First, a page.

The Hebrew year (shanah) was composed of 12 or 13 months, the latter being the year when an intercalary month was added to make the lunar correspond with the solar year. As the difference between the two was from ten to eleven days, this required the addition of a month once in about three years, or seven in nineteen years. This month was added at the vernal equinox and was called after the month next preceding, we-'adhar, or the "second Adar." We do not know when this arrangement was first adopted, but it was current after the Captivity. There were two years in use, the civil and the ritual, or sacred year. The former began in the autumn, as would appear from Exodus 23:16; Exodus 34:22, where it is stated that the "feast of ingathering" should be at the end of the year, and the Sabbatic year began in the 7th month of the calendar or sacred year, which would correspond to September-October (Leviticus 25:9). Josephus says (Ant., I, iii, 3) that Moses designated Nican (March-April) as the 1st month of the festivals, i.e. of the sacred year, but preserved the original order of the months for ordinary affairs, evidently referring to the civil year. This usage corresponds to that of the Turkish empire, where the sacred year is lunar and begins at different seasons, but the financial and political year begins in March O.S. The beginning of the year was called ro'sh ha-shanah, and was determined by the priests, as was the beginning of the month. Originally this was done by observation of the moon, but, later, calculation was employed in connection with it, until finally a system based on accurate calculation was adopted, which was not until the 4th century A.D. New-Year was regarded as a festival.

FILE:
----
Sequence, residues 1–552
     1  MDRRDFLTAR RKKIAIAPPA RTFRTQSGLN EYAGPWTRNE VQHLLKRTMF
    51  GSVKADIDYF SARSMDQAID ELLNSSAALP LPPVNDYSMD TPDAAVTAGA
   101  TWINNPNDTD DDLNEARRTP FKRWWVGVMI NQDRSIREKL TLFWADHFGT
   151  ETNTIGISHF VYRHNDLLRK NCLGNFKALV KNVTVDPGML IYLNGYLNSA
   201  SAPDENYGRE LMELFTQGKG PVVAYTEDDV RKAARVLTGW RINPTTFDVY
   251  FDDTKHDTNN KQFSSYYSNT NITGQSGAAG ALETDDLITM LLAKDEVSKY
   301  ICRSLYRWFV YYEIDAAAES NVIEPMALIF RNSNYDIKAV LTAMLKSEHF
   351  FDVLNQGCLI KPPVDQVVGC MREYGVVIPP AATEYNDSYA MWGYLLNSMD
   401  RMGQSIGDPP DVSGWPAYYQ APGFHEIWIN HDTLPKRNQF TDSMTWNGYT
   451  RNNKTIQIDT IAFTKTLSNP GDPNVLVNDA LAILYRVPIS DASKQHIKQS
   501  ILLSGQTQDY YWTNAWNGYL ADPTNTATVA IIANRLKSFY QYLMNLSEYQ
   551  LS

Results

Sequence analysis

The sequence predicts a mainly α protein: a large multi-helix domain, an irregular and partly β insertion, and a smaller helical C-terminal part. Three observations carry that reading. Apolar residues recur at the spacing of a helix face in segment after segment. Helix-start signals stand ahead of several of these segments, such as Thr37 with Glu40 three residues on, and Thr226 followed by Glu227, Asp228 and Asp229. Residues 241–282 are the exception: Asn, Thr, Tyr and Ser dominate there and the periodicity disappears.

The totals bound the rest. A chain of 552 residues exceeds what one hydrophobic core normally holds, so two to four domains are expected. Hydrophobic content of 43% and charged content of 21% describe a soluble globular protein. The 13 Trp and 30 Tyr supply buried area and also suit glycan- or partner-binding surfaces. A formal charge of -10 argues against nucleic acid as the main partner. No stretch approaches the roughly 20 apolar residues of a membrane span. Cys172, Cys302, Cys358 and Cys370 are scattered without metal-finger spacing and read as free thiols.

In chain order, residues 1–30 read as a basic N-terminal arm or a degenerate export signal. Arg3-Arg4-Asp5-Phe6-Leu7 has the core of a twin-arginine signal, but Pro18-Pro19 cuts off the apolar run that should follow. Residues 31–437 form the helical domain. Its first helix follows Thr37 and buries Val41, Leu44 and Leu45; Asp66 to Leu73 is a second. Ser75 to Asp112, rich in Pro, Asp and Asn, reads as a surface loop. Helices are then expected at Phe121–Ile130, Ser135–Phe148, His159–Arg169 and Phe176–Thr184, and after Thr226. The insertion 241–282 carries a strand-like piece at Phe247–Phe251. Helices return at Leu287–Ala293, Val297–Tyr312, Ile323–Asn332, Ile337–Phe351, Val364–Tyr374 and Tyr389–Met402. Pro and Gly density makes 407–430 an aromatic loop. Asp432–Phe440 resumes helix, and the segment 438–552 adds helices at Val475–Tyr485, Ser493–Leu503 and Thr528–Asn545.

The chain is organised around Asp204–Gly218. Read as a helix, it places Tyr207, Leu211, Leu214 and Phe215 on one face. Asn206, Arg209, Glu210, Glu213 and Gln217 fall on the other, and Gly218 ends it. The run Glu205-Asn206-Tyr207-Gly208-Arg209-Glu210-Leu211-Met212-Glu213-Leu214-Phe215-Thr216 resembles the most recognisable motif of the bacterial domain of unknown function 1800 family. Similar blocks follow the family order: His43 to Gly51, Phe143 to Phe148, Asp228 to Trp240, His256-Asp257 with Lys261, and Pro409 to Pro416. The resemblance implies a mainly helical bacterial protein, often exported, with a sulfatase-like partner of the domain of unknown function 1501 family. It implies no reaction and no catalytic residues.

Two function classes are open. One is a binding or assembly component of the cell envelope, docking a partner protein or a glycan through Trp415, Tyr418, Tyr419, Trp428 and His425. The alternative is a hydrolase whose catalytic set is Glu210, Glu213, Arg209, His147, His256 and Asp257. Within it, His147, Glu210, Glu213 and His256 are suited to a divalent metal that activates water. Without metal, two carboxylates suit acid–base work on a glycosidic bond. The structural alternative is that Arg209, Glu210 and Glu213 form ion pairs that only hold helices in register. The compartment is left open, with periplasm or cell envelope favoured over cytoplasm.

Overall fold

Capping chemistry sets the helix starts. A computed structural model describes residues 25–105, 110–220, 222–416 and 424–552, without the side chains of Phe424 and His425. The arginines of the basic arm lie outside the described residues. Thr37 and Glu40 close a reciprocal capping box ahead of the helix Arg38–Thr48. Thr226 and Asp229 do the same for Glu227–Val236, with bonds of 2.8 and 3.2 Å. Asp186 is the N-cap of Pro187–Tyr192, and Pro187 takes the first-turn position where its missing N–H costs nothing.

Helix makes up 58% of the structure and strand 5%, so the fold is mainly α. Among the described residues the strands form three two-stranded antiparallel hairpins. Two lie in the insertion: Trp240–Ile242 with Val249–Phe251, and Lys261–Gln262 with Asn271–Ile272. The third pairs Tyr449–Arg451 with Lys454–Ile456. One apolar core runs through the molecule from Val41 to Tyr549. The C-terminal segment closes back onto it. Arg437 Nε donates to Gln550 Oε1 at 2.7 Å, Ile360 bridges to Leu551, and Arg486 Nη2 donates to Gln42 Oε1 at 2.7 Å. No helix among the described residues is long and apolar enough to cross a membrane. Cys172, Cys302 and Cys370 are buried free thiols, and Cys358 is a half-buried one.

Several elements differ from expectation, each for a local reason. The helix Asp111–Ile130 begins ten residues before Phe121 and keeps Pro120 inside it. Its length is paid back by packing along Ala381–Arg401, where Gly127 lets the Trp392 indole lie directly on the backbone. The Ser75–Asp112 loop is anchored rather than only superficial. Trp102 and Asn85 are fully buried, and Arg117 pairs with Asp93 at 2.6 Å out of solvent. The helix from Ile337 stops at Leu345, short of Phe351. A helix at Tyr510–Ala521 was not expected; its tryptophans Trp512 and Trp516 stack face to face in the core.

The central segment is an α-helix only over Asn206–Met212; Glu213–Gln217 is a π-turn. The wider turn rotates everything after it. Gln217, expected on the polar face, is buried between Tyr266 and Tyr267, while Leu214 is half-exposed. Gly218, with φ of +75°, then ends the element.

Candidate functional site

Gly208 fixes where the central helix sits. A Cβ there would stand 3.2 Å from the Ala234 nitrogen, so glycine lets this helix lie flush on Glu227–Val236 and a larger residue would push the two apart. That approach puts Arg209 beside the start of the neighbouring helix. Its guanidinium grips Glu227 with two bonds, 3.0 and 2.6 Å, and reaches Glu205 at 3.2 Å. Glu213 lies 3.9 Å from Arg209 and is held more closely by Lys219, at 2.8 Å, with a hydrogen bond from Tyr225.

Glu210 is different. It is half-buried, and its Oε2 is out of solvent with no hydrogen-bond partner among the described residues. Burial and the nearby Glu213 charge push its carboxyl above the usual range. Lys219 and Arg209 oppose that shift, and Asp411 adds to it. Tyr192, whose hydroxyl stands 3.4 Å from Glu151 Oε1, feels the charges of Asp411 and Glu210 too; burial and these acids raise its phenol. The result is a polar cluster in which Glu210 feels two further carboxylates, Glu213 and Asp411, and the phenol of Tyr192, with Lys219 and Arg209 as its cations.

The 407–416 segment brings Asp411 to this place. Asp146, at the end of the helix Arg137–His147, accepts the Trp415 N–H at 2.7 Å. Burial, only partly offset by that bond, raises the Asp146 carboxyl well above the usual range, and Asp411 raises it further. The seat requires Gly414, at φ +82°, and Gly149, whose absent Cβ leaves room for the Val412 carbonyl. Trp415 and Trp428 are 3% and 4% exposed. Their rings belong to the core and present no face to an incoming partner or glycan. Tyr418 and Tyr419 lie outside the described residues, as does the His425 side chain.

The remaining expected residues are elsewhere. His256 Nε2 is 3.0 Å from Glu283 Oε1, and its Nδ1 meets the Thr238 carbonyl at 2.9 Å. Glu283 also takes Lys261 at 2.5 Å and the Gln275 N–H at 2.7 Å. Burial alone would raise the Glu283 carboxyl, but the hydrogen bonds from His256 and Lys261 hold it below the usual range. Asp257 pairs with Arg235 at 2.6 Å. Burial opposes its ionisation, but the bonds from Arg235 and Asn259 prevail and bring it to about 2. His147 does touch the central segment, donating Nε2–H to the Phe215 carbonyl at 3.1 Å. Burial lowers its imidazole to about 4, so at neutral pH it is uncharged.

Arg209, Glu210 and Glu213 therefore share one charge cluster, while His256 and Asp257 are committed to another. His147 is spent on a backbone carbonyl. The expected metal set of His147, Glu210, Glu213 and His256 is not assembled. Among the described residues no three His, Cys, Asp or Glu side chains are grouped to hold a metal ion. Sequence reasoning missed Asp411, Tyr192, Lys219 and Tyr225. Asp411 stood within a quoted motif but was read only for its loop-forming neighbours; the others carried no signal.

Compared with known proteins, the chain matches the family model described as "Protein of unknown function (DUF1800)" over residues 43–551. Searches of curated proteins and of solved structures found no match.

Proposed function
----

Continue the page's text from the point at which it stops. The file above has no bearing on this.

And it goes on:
See ASTRONOMY, sec. I, 5; YEAR.
The return of the seasons was designated by summer and winter, or seed-time and harvest; for they were practically the same. There is, in Palestine, a wet season, extending from October to March or April, and a dry season comprising the remainder of the year. The first is the winter (choreph), and this is the seed-time (zera`), especially the first part of it called yoreh, or the time of the early rain; the second is the summer (qayits, "fruit-harvest," or qatsir, "harvest").
See d-time begins as soon as the early rains have fallen in sufficient quantity to moisten the earth for plowing, and the harvest begins in some parts, as in the lower Jordan region, near the Dead Sea, about April, but on the high lands a month or two later. The fruit harvest comes in summer proper and continues until the rainy season. "The time when kings go out to war" (2 Samuel 11:1 1 Kings 20:22) probably refers to the end of the rainy season in Nican.
7. No Era:
We have no mention in the Old Testament of any era for time reckoning, and we do not find any such usage until the time of the Maccabees. There are occasional references to certain events which might have served for eras had they been generally adopted. Such was the Exodus in the account of the building of the temple (1 Kings 6:1) and the Captivity (Ezekiel 33:21; Ezekiel 40:1) and the Earthquake (Amos 1:1). Dates were usually fixed by the regnal years of the kings, and of the Persian kings after the Captivity. When Simon the Maccabee became independent of the Seleucid kings in 143-142 or 139-138 B.C., he seems to have established an era of his own, if we may attribute to him a series of coins dated by the years "of the independence of Israel" (see COINS: MONEY; also 1 Maccabees 13:41 and 15:6, 10). The Jews doubtless were familiar with the Seleucid era, which began in 312 B.C., and with some of the local eras of the Phoenician cities, but we have no evidence that they made use of them. The era of the Creation was not adopted by them until after the time of Christ. This was fixed at 3,830 years before the destruction of the later temple, or 3760 B.C.
TIME, TIMES AND A HALF
(Daniel 12:7; compare 7:25; Revelation 12:14): A luni-solar cycle.
See ASTRONOMY, sec. I, 5.
See LAST TIME.